My rating: 4 of 5 stars
Note: This review is for the entire trilogy. Another exploration of isolation and loneliness, overlaid this time with power struggles from Japan’s most famous novelist. Science fiction and fantasy blend together as characters work their way through alternate realities while trying to unravel -or overcome- bizarre supernatural occurrences. It’s exactly the style and content that fans have come to expect from Murakami, however it’s not my favourite of his novels. The first two books were terrific, but the final book left a lot to be desired.
The plot centres around two protagonists, alternating in point of view between them from chapter to chapter. Aomame is a fitness instructor and personal trainer in her mid twenties who is leading a secret double life ridding the world of men whose violence is unforgivable. Tengo is a part-time mathematics teacher and aspiring novelist of the same age. Like Aomame, it is his ‘side project’ which really defines him as a character, and ends up drawing him into a tangled web of intrigue.
Reading Murakami’s work always has me wishing that I had kept up with my Japanese language studies since university so I could read in the original format. That said, I found the translation smooth and eloquently rendered. In amongst the very ‘functional’ narrative style are some truly beautiful passages. My favourite quote is definitely one about the moon:
“The unfeeling chunk of rock hung low in the sky as if, having nothing better to do, it was suspended on an invisible thread.”
There is something so beautifully atmospheric about this quote. It evokes for me a scene of restless quiet, a detached, ambivalent kind of loneliness, which is actually a nice encapsulation of a novel in which the moon plays such a prominent role.
For the first time while reading one off Murakami’s novels I noticed his emphasis on the minutia of daily life. There were frequent descriptions of exactly what characters did, especially around food preparation and dining, or exercise and free time. Most authors would omit these, or leave them as ‘Tengo prepared and ate a simple dinner’ rather than giving a dish-by-dish description of the meal and the cooking process. By book 3 I was a bit sick of this literary device, but in the first book at least I found it a pleasant break from the weird and wonderful things happening around the characters, as it anchored them in reality. This is apparently one of Murakami’s signatures, as a bit of digging revealed it is present throughout his work and that it really divides readers. This did make me wonder if he is angling for a cookbook deal, but I should leave speculation on that front alone.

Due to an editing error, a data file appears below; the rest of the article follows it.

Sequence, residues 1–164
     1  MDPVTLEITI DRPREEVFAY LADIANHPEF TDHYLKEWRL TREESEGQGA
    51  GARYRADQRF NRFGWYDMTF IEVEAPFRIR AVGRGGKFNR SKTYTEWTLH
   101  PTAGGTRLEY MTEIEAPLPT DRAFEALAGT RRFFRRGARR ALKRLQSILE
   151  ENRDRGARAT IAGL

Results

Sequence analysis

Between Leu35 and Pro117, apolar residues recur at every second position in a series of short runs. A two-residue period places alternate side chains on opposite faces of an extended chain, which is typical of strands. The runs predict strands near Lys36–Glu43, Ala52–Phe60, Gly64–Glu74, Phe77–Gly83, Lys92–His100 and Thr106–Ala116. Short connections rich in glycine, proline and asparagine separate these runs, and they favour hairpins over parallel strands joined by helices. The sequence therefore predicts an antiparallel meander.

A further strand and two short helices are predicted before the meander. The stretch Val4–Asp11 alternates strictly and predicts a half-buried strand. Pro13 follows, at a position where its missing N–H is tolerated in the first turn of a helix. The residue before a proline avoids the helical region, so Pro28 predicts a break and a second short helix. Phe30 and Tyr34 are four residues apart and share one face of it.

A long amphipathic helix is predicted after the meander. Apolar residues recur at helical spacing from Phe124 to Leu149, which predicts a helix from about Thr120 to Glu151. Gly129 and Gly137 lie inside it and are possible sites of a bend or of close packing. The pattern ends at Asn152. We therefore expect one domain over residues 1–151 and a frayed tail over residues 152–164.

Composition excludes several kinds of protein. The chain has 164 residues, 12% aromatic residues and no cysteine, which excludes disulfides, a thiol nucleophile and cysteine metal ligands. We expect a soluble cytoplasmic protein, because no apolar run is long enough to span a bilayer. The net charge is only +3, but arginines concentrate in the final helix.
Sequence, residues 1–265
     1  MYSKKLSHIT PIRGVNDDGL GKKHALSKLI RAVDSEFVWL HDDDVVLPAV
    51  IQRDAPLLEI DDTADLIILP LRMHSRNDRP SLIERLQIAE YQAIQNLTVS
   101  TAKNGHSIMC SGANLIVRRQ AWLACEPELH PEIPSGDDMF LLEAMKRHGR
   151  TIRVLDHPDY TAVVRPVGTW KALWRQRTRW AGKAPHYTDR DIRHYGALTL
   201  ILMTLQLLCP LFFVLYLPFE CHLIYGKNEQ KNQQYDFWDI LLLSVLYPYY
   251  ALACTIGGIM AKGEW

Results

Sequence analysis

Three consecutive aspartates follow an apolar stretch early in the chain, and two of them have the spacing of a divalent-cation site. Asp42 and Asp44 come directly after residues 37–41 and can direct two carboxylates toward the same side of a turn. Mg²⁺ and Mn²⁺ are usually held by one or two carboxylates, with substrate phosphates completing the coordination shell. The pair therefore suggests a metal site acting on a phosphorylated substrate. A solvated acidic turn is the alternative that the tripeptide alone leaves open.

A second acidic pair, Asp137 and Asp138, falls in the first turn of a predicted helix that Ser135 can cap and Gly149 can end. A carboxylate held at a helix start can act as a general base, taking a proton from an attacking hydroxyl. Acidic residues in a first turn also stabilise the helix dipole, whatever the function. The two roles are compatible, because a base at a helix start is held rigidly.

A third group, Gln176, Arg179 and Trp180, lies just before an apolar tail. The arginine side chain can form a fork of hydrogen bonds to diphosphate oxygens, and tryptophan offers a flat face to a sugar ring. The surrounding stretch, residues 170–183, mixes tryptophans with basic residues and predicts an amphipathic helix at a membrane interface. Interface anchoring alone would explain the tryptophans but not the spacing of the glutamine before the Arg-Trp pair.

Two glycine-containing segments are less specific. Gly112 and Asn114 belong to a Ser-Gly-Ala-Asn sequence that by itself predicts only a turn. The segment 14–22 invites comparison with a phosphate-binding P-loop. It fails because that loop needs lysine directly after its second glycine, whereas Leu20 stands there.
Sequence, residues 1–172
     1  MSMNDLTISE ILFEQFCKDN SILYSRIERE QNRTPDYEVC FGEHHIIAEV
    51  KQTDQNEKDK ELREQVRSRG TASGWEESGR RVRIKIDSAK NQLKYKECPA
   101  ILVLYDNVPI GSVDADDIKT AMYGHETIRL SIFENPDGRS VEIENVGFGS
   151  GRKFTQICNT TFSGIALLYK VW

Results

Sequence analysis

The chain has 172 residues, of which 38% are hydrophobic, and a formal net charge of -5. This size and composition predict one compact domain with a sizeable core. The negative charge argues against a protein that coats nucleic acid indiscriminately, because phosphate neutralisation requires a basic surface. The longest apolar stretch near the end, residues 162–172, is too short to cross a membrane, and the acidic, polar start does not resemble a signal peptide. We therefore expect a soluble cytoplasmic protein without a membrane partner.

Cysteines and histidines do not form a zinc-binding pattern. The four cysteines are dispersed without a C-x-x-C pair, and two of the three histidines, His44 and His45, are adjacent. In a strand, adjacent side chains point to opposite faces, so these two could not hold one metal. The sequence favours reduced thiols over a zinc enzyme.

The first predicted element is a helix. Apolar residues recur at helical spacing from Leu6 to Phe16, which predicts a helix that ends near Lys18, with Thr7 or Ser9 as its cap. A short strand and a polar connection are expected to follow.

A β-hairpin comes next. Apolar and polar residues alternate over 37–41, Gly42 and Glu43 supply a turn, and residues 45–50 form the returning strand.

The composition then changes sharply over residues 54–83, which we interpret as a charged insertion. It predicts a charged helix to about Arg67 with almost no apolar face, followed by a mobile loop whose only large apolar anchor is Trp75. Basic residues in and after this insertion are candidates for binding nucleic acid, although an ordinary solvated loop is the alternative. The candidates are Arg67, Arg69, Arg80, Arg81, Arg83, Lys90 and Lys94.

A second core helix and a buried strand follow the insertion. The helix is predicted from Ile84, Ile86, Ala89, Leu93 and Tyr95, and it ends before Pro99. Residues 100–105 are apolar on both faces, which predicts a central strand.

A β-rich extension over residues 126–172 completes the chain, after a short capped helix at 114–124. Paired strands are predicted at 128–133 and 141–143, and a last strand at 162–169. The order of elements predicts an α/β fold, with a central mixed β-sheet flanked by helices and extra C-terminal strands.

Murakami’s novels often seem to have elements which explore sexual desire, and elements of particularly brutal violence, but I think this is the first time I have seen the two in concert in one of his novels. To be honest I found some of the content quite confronting, especially some of the discussions about attitudes towards sexual violence. But perhaps that is the point? A lot of this novel seemed to be poking different issues to see what might emerge and never fully exploring any of the resulting chaos. I was glad that Aomame as a character acted as a focal point for many of the power struggles between genders, as her unflinching viewpoint was refreshing.
Overall this was an enjoyable read, and I certainly don’t begrudge the 1100 or so pages it took to get through this trilogy. For me the most disappointing thing was that the third book felt completely out of sync with the first two, and didn’t deliver any clear resolution to a number of key plot points.
Suitable for ages 17 and up, for violence and sexual content.